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Career Profile: Bachelor of Science Jobs in Government-Funded Lab

Bachelor of science jobs in government funded laboratory at a glance

Education: A bachelor's degree in physics or in a related field

Additional Training: BS level and prior research, e.g. REUs

Salary: Bachelor's level starting at $35,000 - $57,000

Outlook: About 10% of BS graduates find work in national labs and government facilities.

What they do

Examples of activities of physics bachelors working in national labs include:

  • Serving as an interface between physicists and engineers
  • Turning prototype systems into field-deployable units
  • Testing off-the-shelf or laboratory developed equipment to determine if it meets experimental requirements
  • Evaluating engineering designs and parts
  • Performing computer simulations

According to the AIP statistical research center, physics bachelors working in national labs report the highest levels of job satisfaction compared to peers working in other sectors (between 80 - 100% answering "very satisfied" or "somewhat satisfied" about job security, salary and benefits, level of responsibility, opportunity for advancement, and intellectual challenge). In the same report, common job titles for bachelors in national labs included:

  • Accelerator systems operator
  • Advanced technology engineer
  • Engineering physicist
  • Laboratory technician
  • Radar developer
  • Systems engineer

Education & background

In addition to a bachelors degree, experience with some experimental aspect of physics research is very important (e.g. summer research programs, REUs, etc).

Additional training

For BS level physicists at a national lab, strong technical skills are a must, as scientists at this level often function as the interface with engineering or in an engineering role themselves. Skills in electrical engineering, electronics, machining, and welding are valuable. These skills can usually be acquired in undergraduate physics departments which often have a machine shop which students can use, or in summer or vocational programs. Strong computing skills are also very important in order to perform data analysis and data acquisition. Familiarity with computer programming can be gained through self-study or coursework.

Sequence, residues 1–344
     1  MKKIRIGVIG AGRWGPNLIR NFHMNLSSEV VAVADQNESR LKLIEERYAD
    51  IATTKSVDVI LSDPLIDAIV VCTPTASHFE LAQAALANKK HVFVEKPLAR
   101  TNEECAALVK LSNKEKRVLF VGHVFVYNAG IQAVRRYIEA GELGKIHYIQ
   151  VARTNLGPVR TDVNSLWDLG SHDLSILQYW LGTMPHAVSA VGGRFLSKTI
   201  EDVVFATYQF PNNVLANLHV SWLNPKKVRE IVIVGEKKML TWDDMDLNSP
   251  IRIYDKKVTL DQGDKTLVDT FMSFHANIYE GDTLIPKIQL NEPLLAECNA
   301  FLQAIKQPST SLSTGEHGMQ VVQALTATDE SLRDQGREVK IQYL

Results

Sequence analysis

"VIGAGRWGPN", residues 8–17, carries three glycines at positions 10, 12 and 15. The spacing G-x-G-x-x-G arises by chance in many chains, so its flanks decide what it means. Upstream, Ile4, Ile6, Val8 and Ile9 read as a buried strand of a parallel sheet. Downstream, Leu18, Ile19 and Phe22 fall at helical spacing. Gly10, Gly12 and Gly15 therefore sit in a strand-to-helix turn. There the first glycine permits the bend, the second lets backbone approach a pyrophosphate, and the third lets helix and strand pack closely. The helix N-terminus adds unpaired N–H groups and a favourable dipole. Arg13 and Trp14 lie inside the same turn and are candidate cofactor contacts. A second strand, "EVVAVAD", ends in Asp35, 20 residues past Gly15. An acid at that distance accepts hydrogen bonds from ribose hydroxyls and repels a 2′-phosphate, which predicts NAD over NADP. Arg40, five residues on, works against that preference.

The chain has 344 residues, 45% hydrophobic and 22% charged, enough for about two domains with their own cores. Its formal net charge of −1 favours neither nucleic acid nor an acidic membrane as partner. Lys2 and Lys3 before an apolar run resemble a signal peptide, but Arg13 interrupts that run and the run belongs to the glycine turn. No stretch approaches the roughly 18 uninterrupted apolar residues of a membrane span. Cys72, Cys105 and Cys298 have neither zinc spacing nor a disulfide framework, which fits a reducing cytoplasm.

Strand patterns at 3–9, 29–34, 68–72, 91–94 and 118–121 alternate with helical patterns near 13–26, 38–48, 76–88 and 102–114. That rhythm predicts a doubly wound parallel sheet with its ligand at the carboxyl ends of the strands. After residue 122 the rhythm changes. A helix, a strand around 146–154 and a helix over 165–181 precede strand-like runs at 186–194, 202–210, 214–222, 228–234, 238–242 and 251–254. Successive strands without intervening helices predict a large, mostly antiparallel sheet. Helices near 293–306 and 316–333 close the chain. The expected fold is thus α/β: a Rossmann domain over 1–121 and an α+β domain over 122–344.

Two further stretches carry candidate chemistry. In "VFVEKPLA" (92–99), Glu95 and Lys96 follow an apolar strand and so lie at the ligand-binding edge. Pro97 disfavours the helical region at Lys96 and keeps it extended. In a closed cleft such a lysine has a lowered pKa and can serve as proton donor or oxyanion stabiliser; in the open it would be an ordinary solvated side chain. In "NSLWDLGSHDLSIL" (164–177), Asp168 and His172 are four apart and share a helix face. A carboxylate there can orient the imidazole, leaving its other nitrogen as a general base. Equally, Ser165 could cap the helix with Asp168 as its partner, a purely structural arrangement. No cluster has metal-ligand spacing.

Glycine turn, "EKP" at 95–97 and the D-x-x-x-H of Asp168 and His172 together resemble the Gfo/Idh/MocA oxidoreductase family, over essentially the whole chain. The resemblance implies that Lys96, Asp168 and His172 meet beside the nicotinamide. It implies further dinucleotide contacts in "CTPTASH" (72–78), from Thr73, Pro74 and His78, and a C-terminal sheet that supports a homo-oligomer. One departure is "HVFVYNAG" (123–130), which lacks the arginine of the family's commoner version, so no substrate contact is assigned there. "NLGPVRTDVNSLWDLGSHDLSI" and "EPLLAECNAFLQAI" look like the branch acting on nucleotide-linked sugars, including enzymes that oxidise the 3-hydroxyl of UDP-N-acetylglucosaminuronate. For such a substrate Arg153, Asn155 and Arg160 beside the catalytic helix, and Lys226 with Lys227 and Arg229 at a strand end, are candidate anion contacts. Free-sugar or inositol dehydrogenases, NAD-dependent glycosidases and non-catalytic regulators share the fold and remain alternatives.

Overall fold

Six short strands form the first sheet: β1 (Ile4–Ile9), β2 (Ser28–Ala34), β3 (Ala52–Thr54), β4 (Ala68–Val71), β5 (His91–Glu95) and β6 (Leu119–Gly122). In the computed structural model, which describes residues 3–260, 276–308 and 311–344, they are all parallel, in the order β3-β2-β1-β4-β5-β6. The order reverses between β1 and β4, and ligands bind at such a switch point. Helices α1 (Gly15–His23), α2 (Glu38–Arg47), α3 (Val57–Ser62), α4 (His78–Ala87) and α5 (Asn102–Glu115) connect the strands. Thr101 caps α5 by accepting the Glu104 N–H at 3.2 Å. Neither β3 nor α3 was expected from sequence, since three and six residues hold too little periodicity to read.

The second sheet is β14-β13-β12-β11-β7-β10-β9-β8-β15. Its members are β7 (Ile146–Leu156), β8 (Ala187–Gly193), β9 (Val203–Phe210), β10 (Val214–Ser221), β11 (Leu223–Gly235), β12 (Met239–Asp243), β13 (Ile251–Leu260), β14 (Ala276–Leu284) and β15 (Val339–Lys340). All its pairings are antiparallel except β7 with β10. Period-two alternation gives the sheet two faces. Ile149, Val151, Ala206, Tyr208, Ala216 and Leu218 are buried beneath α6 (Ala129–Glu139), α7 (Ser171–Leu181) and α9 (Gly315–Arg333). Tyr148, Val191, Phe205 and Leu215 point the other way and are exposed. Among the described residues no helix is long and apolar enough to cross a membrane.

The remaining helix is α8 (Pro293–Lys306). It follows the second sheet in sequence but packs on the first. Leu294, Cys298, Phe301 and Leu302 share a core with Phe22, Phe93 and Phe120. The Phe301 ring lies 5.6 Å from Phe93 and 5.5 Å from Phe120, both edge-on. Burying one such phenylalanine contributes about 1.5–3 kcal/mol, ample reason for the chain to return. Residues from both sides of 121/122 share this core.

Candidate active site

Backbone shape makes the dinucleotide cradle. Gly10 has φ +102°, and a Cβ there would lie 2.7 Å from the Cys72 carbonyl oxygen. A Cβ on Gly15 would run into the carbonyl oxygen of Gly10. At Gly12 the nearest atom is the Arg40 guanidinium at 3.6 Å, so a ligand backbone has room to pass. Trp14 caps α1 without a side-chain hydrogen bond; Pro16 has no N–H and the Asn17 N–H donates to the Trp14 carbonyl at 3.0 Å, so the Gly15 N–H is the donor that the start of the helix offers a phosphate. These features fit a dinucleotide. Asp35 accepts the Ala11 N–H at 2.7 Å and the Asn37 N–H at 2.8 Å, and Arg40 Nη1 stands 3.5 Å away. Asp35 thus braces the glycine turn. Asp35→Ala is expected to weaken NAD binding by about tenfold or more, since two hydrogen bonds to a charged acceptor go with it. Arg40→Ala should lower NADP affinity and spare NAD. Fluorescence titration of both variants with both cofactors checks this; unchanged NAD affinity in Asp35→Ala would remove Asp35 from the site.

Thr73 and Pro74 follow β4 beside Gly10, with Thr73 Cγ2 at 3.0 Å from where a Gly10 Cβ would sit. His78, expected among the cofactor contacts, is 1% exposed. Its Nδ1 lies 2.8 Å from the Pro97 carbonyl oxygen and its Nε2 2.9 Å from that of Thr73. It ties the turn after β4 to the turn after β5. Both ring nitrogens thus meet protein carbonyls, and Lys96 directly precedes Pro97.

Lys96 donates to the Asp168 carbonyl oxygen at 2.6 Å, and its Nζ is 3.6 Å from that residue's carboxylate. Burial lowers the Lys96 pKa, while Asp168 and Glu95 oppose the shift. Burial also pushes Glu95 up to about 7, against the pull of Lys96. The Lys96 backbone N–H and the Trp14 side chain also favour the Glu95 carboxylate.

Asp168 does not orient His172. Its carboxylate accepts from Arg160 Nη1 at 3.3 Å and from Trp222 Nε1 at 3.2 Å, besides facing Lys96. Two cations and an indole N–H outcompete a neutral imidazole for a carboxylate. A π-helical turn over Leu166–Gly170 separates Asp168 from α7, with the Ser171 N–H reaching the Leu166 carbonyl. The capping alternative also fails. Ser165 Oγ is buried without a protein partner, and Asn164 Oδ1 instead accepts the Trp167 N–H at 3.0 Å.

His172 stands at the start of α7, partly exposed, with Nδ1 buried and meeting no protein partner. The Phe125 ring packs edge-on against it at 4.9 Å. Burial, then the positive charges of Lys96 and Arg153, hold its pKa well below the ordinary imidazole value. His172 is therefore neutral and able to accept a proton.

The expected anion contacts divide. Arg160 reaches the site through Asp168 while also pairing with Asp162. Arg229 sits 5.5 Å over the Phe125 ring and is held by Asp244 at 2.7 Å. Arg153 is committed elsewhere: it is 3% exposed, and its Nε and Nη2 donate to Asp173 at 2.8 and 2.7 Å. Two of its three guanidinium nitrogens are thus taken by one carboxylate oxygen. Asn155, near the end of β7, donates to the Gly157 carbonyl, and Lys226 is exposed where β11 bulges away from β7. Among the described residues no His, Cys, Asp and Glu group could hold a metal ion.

Bachelors who have done research at a particular lab will be especially well prepared for permanent employment at that facility, since they will already have familiarity with its staff and resources, so interested students should seek opportunities to do research at a national research facility whenever possible. Furthermore, being an author or contributor to published research will make job seekers stand out from other applicants.

For a listing of research opportunities for physics bachelors at national labs, please visit our internships site.

Career Path

There are typically two types of positions at national laboratories which are filled by physics bachelors. The first is a scientist role, the second is an technician/engineering type role.

Bachelors in scientist role

For bachelors who join the national lab in a scientist role, activities are actually very similar to that of an incoming PhD graduate. For example, bachelors in this role could be a principle investigator on projects with outside users, though these projects tend to be more focused on construction than on pure physics research than are common for their PhD holding counterparts. Advancement may come from authoring or contributing to scientific publications, bringing in research funding to the institution, and by gaining a reputation for being a good scientist among collaborators.

Bachelors in a technician/engineering role

Bachelors who are employed in a technician/engineer type role will spend time working with investigators to ensure that equipment is working correctly, troubleshooting technical problems, training users on the proper use of equipment, and running simulations. Physics bachelors in these positions may remain in those position for quite some time. Advancement can be slow, because there is generally a limited number of people who can be promoted each year. For this track, the path to promotion is usually built on receiving positive work reviews from supervisors.

Scientific positions at the national laboratories offer an array of opportunities. The work can be very impactful because it is often used by people in field work, such as first responders and in government applications. Working in a classified environment can bring exposure to an array of cutting edge technologies. There are significant opportunities for travel and professional development, such as training in leadership skills.


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